Each one of the ‘five key skills’ (phonemic awareness, phonics, fluency, vocabulary and comprehension) listed by the FIVE from FIVE project is indeed an important skill. This is why they are already embedded in most teachers’ reading programs. In my experience there are few literacy educators who would deny the importance of phonics and phonemic awareness (identifying, thinking about, and working with the individual sounds in words) as needed when becoming literate.

However, these are not the only skills needed in helping a child learn to read. Any child being taught to read in a way that focuses solely on these skills will be short-changed. I believe that asserting that such a program is sufficient could be damaging to many children as it could lead to them disengaging from the literacy learning process.

Stop telling teachers there is a simplistic way to teach reading

Like many educators, I am fed up with the suggestion that teachers and principals, parents and policymakers are unaware of the importance of teaching these skills. Competent, experienced readers sample just enough visual information to feel satisfied that they have grasped the meaning so far of whatever text they are reading. They also bring their past experiences and knowledge of language to the information in a specific text and use prediction and questioning strategies to test and re‐test that they have understood the author’s purpose in a particular context. An over‐emphasis on letter‐sound relationships can be very confusing for children learning to read.

Australian teachers, principals, parents and policymakers already have a deep understanding of the repertoire of strategies and approaches that need to be chosen to suit the intellectual and learning needs of individual children. They know how important it is to make sure that all children learn to read for meaning and to enjoy the process.

Let’s talk about what is important

I agree with eminent Australian literacy educators and educational researchers Emmitt, Hornsby and Wilson who explain that the:

Three important sources of information in text are meaning, grammar and letter‐sound relationships – often referred to as semantics, syntax and graphophonic relationships respectively. Emmitt, Hornsby and Wilson (2013, p.3)

These sources, or cueing systems, work together simultaneously. Over‐emphasis on any one cueing system when learning to read is not effective.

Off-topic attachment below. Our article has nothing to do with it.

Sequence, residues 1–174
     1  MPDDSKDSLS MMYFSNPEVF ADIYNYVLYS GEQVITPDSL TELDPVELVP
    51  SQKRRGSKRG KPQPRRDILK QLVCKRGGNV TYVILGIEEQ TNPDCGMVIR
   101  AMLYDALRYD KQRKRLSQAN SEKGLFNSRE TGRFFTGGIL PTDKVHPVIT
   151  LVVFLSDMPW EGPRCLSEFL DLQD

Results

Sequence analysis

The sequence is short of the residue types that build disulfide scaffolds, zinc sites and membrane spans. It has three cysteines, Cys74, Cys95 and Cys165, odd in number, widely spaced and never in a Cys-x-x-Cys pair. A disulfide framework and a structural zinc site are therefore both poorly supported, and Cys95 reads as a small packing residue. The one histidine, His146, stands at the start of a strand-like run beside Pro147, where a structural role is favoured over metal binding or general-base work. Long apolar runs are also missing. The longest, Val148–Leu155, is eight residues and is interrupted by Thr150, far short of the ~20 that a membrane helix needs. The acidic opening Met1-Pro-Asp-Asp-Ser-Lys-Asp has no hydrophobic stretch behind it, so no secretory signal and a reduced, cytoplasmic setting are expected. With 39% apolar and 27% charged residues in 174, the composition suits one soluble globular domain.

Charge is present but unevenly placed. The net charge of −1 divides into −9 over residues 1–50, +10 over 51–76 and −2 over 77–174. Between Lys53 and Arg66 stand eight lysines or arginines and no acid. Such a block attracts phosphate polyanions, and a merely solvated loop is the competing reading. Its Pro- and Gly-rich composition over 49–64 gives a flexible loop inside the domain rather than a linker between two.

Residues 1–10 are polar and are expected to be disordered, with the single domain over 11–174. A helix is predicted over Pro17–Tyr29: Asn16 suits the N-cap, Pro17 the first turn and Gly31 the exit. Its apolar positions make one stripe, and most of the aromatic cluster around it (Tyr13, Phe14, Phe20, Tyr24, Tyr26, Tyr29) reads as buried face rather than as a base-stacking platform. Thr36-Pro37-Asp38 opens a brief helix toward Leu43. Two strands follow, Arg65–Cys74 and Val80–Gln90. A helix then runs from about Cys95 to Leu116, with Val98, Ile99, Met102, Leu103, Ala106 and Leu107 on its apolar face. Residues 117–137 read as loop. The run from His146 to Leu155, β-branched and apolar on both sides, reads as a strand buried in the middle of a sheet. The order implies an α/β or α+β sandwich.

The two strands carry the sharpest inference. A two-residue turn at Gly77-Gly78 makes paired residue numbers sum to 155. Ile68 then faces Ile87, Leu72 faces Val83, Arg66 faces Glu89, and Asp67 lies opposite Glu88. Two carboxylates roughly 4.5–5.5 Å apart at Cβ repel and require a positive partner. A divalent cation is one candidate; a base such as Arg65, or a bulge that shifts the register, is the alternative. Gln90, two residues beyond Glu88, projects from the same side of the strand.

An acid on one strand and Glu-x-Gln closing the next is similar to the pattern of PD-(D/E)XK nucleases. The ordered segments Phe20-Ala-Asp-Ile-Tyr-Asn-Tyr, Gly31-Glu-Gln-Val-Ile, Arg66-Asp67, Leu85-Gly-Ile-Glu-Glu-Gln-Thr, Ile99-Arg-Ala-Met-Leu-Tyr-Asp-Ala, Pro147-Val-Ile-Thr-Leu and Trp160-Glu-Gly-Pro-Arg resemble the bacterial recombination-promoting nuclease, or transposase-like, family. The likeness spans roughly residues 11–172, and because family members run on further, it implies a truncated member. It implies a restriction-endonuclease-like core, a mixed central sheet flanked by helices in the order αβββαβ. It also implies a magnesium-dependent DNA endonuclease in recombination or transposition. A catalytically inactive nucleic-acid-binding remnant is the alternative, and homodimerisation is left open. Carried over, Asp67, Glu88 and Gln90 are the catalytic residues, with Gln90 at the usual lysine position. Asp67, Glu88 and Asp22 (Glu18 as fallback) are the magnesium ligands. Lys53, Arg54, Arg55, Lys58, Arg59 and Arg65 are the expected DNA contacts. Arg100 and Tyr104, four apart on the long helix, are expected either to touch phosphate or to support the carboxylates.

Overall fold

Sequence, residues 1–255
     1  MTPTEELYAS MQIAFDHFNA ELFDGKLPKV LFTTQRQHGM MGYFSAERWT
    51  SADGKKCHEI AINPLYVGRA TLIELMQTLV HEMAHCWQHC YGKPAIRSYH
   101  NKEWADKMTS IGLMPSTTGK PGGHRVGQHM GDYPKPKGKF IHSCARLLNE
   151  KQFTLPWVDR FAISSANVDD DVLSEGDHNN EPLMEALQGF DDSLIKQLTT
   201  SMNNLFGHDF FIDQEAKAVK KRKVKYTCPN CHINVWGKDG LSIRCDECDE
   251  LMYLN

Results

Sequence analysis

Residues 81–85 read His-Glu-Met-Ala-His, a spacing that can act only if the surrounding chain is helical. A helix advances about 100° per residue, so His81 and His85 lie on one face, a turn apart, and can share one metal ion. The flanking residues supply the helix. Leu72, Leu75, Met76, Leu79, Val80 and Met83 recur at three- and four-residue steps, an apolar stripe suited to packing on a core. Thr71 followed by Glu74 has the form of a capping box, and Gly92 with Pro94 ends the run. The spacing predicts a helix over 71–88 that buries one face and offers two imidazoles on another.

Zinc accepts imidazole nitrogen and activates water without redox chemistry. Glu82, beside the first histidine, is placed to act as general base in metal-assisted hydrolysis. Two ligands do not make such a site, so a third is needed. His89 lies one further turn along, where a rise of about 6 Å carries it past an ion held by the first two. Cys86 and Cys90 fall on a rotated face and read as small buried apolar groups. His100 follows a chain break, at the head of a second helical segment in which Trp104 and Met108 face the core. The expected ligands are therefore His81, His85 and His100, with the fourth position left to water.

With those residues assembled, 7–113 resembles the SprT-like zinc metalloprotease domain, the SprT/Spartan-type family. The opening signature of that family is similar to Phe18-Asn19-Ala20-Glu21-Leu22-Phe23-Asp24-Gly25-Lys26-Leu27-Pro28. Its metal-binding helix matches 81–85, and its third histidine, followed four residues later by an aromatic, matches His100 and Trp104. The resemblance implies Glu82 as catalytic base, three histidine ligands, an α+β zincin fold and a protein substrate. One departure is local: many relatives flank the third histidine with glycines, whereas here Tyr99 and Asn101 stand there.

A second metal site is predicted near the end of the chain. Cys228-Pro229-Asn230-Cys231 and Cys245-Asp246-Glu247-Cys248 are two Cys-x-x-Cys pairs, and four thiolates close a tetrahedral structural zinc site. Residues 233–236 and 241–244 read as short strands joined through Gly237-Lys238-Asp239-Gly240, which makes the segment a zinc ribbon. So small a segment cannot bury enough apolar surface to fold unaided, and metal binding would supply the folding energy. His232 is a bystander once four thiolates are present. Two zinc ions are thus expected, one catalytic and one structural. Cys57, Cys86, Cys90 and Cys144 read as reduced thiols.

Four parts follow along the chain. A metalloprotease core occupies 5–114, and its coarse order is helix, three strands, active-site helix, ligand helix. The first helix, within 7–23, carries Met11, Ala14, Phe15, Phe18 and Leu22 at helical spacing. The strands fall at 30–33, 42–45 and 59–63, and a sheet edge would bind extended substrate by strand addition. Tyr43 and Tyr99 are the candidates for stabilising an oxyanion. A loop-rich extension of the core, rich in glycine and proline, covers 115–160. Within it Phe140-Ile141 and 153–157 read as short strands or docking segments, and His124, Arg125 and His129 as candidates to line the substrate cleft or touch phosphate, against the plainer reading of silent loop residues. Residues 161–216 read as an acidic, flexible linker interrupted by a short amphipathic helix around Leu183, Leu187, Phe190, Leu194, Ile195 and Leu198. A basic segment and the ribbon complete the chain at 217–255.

Also, as teachers know, a rich vocabulary and fluency are significant but children need to be able to go beyond simple literal ‘comprehension’ of a text. They need to be able to make inferences and evaluate the importance of words within a text.

Teachers of reading today share rich authentic literary texts with their students. They know extensive research has demonstrated the importance of prediction and questioning strategies in learning to be literate.

One of the best ways for children to excel in reading comprehension tasks is for them to have the opportunity to interact widely with a wide range of books, selected by them, for enjoyment.

Children not only need to learn how to make meaning from text to carefully analyse the arguments or assertions in a text, to evaluate texts, but also how to create their own with confidence and creative flair.

There is no single recipe for literacy learning. The FIVE from FIVE project is yet another implicit criticism of the Australian teaching profession; and a good example of what we should not be doing by reducing the teaching of reading to five skills.

Instead we should be investing in more teachers to work with the children who need more intensive support. Our public schools should be appropriately funded to provide rich authentic resources and ongoing teacher professional learning. These are the things that will make a difference.

 

EwingRobyn Ewing is Professor of Teacher Education and the Arts at the University of Sydney. She teaches in the areas of curriculum, English and drama, language and early literacy development. She works with both undergraduate and postgraduate pre-service and inservice teachers. Robyn’s research has particularly focused on the use of educational or process drama with authentic literary texts to develop students’ imaginations and critical literacies. She has been published widely in this area. Her current research interests also include teacher education, especially the experiences of early-career teachers and the role of mentoring; sustaining curriculum innovation; and evaluation, inquiry and case-based learning.

 Robyn was president of the Primary English Teachers Association from 2001-2006 and is immediate past president of the Australian Literacy Educators Association (ALEA) and former vice president of Sydney Story Factory.  She is also a council member of the Australian Film, Television and Radio School (AFTRS), an Honorary Associate with Sydney Theatre Company, Board member of West Words and Visiting Scholar at Barking Gecko Children’s Theatre. She enjoys working collaboratively with classroom teachers interested in innovative curriculum practices.